Figure 1 illustrates the optical geometry for the formation of the conoscopic
image if the crystal plate is cut parallel to the optic axis. The example shows
the behavior of a positive crystal. The conoscopic figure plane must be rotated
by 90° along CD axis for a true three dimensional representation. Polarizer
direction is AB, analyzer direction is CD.

Isochromes.
The cyclic section of the indicatrix is perpendicular to the image plane with
its trace along AB so the ordinary index w
is always parallel to direction AB of the interference figure. All the
indicatrix sections containing principal extraordinary index e
have their projections in the figure along axis AB so, along AB, the
birefringence is constant and equal to the birefringence of the material
examined but the retardation increases from center O to periphery A or B because
the distance traveled by the light in the crystal increases as a function of the
incidence angle. Along the other axis CD, the birefringence is no more constant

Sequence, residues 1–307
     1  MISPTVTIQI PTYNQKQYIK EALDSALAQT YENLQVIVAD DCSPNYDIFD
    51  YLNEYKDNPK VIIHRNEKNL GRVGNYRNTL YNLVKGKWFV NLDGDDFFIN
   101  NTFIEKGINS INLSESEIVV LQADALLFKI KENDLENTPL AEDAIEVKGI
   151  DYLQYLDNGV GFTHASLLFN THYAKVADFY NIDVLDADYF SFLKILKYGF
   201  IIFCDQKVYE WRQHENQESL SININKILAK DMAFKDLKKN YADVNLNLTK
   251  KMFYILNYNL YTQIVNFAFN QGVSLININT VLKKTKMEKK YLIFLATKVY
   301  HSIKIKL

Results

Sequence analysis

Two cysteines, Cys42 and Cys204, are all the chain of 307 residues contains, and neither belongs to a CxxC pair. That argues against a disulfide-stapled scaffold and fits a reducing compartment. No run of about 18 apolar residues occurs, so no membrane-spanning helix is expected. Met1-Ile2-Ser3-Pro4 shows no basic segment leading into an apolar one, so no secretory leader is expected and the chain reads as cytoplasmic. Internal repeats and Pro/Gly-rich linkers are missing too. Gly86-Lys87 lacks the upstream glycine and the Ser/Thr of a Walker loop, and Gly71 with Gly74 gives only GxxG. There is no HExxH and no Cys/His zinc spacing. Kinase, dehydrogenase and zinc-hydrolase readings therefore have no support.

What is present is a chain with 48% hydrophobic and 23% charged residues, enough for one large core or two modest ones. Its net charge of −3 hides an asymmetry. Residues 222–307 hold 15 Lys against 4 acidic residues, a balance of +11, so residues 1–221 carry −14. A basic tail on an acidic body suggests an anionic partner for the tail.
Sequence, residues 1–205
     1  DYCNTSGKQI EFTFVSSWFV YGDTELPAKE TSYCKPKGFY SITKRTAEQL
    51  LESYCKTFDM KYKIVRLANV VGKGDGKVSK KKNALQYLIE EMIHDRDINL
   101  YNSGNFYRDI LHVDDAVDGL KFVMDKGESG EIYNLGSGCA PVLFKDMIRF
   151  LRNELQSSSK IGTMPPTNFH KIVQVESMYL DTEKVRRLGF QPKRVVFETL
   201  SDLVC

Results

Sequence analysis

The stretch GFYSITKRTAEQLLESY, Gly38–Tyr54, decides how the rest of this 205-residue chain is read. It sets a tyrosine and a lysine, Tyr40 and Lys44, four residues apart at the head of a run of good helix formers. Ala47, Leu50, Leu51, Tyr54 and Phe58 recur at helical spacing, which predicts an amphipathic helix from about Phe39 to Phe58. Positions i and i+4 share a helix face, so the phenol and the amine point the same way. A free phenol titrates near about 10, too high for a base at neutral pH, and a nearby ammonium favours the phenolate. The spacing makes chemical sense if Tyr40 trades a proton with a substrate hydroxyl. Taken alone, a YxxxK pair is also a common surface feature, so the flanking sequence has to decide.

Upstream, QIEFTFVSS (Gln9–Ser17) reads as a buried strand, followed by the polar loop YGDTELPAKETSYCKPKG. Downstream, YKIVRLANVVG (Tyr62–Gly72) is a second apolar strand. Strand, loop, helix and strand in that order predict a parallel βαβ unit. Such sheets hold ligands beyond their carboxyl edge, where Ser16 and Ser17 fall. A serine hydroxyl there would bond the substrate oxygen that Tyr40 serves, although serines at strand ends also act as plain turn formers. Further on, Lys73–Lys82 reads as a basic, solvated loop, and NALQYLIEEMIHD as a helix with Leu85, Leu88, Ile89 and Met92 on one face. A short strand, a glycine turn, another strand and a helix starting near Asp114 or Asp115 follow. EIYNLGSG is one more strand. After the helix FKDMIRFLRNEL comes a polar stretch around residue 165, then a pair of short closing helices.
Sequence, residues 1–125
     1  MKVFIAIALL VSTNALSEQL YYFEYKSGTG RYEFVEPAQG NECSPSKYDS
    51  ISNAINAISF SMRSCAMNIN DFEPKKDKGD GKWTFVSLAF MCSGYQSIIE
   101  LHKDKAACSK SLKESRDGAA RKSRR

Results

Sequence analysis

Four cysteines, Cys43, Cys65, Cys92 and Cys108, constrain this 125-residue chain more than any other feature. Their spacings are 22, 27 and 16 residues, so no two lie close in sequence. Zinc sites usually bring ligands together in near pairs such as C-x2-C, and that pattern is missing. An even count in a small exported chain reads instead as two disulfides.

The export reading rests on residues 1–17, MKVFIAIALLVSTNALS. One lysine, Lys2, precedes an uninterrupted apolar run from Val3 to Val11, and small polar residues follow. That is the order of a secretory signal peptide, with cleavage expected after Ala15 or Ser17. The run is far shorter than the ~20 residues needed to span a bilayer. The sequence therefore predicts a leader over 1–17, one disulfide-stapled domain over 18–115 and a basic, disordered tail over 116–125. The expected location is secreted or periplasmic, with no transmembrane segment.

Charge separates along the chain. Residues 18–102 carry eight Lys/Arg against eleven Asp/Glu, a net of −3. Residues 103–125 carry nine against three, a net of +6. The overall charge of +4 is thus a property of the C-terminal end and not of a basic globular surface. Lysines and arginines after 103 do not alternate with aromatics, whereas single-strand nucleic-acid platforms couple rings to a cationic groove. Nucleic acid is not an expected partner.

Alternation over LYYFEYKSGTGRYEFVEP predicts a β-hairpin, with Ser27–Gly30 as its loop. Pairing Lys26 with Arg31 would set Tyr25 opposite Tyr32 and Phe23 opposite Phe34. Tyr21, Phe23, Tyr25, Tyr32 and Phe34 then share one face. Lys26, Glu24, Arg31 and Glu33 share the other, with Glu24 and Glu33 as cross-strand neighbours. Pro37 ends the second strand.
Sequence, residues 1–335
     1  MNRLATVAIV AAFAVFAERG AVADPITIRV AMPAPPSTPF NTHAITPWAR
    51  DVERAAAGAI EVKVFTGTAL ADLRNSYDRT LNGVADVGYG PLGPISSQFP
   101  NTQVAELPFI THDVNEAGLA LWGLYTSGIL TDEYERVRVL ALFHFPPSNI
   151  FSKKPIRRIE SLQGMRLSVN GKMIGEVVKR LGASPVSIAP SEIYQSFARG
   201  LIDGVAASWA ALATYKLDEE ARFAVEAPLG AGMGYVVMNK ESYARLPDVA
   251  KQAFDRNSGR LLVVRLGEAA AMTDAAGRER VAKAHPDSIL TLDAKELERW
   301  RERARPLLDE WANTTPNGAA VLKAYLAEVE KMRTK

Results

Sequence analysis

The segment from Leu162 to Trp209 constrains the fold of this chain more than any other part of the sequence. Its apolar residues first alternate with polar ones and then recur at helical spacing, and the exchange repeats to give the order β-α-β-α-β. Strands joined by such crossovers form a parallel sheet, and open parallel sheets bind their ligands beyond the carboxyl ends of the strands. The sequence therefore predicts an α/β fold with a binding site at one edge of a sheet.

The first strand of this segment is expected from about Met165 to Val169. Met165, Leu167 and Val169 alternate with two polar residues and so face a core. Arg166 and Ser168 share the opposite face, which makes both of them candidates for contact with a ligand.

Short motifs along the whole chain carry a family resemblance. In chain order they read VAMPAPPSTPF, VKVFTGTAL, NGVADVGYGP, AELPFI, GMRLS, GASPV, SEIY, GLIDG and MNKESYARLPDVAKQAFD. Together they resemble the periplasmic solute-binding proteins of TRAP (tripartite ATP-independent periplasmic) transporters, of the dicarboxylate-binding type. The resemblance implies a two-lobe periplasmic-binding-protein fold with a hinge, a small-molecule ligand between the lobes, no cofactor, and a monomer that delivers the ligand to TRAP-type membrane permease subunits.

and now decreases from the center O (its maximum value) towards C and D.
In the figure, the extraordinary indices of these sections are notated e'
and e".
What about the retardation value which is the product of the birefringence
(decreasing along OC and OD) and the light path (increasing along OC and OD)?
The answer can be provided by a quantitative calculation. We can nevertheless
depict the behavior qualitatively: first, what is the retardation value at
infinity for a light direction parallel to the optic axis? At infinite distance
in OC or OD directions, the e"
index decreases to reach the w value.
The birefringence is thus zero at infinite distance. A material with no